As for the sideboard, you could completely shift gears against red decks without resorting to a full transform. If Krosan Beast were a modern creature, it would probably be at least a 12/12 shroud if you were playing Magic (a.k.a. had threshold). That’s how board-dominating it was against the various creatures of the time. A 4/4 trample for three mana required work in those days (work = putting Aquamoeba into your deck and then casting it), and Lightning Bolts were sorceries and cost two. Imagine how hard it was for an R/G deck to brawl with an 8/8! Just in case these decks thought about racing you, Delusions of Mediocrity put an end to that plan. Those two cards completely shifted how you played the game, and there were plenty of card-drawing spells to make sure you found them in time.
Fun Fact: One of my IRC teammates, CitrusD, also had his first legitimate tournament success at Regionals with this deck. You may know CitrusD as Tom Ross.
Fun Fact #2: Ohio Valley Regionals in 2002 clocked in at 688 people, making it the largest tournament in North America for quite some time. Regionals was considered a big deal, and US Nationals was basically another Pro Tour instead of another Grand Prix.
In tournament Magic, your deck choice is only part of the equation. I’ll admit that much of my success with these decks has not been replicated. The primary reason is that these decks were built for me, and I knew why the cards were all there. I was extremely comfortable playing these decks, which is something I can’t say for some of the more blatantly powerful decks I’ve played. I feel helpless with a Life from the Loam in my deck, and I can readily admit that. Even with today’s cards, I’m not that comfortable with a Vengevine or a Primeval Titan, despite their power. Deck choice is all about learning to play the best cards and becoming comfortable with them. Above all, you want a deck that makes you feel like you’re the best player in the room by a mile. Hopefully I’ll see all of you in Richmond for the StarCityGames.com Invitational + Open this weekend, perhaps with a deck that I can add to the list of the best decks I’ve ever played.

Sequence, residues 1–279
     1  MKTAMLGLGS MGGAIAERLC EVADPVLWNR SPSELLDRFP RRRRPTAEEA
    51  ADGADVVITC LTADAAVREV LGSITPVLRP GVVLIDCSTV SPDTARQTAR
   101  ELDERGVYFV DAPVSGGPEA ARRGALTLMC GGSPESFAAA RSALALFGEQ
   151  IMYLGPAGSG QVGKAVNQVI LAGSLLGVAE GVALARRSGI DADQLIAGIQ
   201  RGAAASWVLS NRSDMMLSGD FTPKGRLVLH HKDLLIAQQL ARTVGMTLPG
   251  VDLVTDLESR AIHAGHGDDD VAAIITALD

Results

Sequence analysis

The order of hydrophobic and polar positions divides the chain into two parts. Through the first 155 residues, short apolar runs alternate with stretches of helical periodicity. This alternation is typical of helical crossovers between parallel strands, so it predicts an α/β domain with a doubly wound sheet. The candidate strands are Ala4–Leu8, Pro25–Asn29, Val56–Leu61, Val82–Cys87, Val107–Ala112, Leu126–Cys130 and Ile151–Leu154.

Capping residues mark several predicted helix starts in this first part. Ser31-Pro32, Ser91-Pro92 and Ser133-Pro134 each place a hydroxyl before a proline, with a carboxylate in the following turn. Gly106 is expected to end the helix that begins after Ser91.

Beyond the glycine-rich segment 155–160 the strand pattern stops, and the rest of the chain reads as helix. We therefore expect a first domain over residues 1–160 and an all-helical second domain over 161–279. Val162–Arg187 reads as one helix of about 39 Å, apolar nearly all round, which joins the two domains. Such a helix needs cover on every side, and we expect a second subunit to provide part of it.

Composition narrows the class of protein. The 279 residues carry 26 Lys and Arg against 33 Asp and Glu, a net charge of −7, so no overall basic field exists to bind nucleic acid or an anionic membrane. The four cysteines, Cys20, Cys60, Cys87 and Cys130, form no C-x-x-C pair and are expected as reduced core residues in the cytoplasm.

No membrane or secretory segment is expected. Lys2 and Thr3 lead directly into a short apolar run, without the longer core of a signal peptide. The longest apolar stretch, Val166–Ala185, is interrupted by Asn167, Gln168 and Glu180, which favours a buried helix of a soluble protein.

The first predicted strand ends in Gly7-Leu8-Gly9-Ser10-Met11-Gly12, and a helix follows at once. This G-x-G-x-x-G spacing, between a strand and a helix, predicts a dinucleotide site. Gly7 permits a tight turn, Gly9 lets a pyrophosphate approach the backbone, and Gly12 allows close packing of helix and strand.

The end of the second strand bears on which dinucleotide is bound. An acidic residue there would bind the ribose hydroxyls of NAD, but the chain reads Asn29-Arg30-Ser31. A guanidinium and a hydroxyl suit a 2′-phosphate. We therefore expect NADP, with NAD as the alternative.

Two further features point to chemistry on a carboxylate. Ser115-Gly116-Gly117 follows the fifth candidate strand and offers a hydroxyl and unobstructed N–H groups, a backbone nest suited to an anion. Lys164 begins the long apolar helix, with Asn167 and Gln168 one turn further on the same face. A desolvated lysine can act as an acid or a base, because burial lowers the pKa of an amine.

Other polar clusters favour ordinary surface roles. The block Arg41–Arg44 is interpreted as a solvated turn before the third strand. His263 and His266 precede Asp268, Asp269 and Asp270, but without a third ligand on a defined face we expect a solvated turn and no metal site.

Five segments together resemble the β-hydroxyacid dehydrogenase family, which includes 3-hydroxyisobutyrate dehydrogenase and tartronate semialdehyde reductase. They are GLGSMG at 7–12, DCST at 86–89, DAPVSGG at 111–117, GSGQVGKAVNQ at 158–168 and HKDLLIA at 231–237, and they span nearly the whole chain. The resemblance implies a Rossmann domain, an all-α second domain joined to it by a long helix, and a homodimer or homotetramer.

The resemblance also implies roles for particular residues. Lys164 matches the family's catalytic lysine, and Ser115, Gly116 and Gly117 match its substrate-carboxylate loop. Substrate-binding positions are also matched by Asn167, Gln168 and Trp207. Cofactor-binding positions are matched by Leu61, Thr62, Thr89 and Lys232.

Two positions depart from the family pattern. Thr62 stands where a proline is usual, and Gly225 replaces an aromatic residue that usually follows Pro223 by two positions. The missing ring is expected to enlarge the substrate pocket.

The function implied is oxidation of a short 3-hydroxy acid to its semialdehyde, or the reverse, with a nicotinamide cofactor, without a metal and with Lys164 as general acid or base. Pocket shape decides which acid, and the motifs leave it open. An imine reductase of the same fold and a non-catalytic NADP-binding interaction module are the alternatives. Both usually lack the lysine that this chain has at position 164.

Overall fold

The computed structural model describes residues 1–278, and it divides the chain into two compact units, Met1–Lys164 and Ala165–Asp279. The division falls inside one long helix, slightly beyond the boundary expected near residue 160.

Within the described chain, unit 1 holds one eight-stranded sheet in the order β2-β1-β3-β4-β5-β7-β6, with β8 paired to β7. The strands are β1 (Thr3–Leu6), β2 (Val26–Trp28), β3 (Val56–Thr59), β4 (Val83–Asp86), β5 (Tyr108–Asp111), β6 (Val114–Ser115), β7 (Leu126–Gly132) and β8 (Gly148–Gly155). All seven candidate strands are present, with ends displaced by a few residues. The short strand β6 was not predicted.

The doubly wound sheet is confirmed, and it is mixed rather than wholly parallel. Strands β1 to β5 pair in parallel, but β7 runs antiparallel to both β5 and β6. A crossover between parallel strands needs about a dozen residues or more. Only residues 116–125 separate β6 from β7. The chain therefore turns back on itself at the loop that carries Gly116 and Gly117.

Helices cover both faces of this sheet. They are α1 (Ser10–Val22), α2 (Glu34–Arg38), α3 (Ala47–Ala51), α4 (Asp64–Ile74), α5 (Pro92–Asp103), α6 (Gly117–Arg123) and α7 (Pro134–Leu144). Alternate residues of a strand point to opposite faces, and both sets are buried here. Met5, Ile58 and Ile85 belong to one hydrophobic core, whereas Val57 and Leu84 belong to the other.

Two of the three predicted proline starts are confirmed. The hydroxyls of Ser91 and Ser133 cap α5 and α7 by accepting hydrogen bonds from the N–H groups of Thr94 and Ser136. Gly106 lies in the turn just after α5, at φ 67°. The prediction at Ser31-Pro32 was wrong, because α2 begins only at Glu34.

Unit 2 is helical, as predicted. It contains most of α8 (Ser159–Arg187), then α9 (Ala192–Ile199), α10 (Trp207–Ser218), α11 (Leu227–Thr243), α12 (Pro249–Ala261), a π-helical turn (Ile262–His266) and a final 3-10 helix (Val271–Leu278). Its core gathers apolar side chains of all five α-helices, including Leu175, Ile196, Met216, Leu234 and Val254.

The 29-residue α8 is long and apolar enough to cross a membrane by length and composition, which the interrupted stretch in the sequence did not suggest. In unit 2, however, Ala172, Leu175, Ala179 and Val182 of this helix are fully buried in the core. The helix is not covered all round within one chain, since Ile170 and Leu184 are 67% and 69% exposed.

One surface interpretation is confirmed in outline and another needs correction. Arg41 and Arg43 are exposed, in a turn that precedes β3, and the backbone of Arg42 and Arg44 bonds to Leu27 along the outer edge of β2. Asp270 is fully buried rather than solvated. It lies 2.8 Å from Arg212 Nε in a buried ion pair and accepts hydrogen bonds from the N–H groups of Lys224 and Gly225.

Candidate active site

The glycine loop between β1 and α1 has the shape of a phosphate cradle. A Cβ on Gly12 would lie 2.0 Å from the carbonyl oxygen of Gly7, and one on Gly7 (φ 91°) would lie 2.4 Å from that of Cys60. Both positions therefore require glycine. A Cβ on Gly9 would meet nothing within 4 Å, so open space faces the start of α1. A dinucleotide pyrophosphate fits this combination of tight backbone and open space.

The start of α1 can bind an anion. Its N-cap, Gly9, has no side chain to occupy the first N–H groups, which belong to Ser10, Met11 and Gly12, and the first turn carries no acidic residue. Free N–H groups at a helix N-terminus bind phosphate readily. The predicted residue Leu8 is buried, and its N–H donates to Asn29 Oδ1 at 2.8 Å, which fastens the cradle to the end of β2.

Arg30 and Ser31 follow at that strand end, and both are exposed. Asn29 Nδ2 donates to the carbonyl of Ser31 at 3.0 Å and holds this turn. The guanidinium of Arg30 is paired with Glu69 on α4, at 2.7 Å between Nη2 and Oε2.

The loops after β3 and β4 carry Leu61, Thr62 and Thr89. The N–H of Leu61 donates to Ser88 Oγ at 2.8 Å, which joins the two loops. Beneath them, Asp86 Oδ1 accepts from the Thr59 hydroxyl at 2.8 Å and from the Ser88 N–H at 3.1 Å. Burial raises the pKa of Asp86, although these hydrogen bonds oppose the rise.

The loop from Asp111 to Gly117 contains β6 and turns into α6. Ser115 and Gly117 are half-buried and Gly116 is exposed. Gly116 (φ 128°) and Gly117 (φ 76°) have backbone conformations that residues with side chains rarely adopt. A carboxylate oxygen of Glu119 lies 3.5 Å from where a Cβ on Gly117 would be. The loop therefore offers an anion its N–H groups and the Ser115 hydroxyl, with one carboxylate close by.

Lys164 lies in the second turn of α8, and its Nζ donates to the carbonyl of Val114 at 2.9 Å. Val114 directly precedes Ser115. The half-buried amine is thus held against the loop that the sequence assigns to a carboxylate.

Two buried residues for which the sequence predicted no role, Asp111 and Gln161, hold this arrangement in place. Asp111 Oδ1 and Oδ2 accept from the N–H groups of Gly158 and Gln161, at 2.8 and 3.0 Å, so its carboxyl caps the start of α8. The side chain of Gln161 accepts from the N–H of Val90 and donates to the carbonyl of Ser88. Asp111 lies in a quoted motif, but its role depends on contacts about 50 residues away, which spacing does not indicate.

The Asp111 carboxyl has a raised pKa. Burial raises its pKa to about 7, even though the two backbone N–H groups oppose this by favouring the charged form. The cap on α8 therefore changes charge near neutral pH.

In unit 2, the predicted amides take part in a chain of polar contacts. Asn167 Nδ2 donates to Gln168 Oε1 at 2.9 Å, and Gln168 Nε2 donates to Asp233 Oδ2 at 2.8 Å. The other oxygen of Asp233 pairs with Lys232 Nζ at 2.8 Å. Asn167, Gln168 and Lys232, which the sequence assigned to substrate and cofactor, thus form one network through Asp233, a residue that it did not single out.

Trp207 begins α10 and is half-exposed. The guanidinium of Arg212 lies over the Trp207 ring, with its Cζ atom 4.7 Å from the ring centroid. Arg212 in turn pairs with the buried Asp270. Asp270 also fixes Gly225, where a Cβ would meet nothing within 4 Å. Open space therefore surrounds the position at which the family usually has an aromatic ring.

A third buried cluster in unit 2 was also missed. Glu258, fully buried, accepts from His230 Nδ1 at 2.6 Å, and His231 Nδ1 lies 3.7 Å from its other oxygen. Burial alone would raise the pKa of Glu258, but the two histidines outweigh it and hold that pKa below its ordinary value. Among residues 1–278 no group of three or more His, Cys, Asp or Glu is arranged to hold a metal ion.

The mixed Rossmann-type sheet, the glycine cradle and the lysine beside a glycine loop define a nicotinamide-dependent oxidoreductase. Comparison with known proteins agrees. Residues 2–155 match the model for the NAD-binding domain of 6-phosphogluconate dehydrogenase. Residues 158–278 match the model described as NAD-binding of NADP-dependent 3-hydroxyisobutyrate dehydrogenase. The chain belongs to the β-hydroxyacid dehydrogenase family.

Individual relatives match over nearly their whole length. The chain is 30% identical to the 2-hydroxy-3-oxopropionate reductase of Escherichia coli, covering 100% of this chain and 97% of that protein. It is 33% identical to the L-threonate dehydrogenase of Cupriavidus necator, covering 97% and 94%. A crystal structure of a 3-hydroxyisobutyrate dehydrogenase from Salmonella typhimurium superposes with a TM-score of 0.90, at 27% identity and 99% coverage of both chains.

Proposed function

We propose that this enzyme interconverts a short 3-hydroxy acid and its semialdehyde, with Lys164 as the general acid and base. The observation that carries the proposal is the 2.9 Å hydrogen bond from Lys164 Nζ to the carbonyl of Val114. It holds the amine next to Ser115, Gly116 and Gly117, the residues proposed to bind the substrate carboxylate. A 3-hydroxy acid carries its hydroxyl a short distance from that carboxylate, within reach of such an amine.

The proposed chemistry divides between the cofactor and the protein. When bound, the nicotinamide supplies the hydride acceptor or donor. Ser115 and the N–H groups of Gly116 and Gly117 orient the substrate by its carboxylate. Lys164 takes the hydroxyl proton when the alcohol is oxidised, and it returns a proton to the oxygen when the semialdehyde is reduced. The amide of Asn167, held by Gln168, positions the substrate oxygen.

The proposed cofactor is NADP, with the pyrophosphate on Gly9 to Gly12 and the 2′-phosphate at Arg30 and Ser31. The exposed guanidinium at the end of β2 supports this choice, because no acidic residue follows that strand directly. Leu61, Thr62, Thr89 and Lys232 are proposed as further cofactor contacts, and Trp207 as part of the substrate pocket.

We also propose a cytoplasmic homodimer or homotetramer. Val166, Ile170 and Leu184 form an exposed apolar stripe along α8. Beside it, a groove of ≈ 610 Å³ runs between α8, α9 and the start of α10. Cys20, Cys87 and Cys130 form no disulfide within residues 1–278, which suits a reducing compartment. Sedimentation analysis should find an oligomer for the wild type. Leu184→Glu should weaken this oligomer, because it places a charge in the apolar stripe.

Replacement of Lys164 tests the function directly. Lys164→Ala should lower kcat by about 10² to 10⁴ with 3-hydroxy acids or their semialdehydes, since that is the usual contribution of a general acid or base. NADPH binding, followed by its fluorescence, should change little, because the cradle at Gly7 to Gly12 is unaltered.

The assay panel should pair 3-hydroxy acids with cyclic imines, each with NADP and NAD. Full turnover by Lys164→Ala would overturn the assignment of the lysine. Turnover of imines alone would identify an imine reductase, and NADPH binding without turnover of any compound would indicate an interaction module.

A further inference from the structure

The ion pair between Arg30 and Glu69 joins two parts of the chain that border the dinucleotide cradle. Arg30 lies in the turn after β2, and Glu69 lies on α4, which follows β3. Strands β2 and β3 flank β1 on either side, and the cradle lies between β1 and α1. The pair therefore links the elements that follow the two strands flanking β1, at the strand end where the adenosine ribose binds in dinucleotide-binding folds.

P.S. The esteemed Danny Smith asked that I mention him in an article. I couldn’t figure out a good place to name-drop him, so this will have to do.